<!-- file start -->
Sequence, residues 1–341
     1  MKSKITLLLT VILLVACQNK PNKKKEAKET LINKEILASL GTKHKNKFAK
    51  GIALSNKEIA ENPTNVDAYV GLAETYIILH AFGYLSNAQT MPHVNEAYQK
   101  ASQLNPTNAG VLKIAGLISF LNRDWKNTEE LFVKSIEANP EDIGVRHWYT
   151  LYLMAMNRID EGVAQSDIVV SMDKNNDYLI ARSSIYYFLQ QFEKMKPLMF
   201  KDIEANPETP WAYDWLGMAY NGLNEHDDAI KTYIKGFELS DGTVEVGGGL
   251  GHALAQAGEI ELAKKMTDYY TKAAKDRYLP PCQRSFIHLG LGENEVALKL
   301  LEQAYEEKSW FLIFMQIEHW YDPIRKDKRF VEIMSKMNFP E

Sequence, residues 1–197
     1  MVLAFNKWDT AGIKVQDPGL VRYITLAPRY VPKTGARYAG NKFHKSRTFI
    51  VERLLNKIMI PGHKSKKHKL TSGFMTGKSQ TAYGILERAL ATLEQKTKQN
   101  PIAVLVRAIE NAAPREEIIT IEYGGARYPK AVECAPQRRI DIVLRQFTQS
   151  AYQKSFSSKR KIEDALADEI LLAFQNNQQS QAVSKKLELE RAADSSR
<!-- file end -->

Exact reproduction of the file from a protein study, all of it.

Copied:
Sequence, residues 1–341
     1  MKSKITLLLT VILLVACQNK PNKKKEAKET LINKEILASL GTKHKNKFAK
    51  GIALSNKEIA ENPTNVDAYV GLAETYIILH AFGYLSNAQT MPHVNEAYQK
   101  ASQLNPTNAG VLKIAGLISF LNRDWKNTEE LFVKSIEANP EDIGVRHWYT
   151  LYLMAMNRID EGVAQSDIVV SMDKNNDYLI ARSSIYYFLQ QFEKMKPLMF
   201  KDIEANPETP WAYDWLGMAY NGLNEHDDAI KTYIKGFELS DGTVEVGGGL
   251  GHALAQAGEI ELAKKMTDYY TKAAKDRYLP PCQRSFIHLG LGENEVALKL
   301  LEQAYEEKSW FLIFMQIEHW YDPIRKDKRF VEIMSKMNFP E

Sequence, residues 1–197
     1  MVLAFNKWDT AGIKVQDPGL VRYITLAPRY VPKTGARYAG NKFHKSRTFI
    51  VERLLNKIMI PGHKSKKHKL TSGFMTGKSQ TAYGILERAL ATLEQKTKQN
   101  PIAVLVRAIE NAAPREEIIT IEYGGARYPK AVECAPQRRI DIVLRQFTQS
   151  AYQKSFSSKR KIEDALADEI LLAFQNNQQS QAVSKKLELE RAADSSR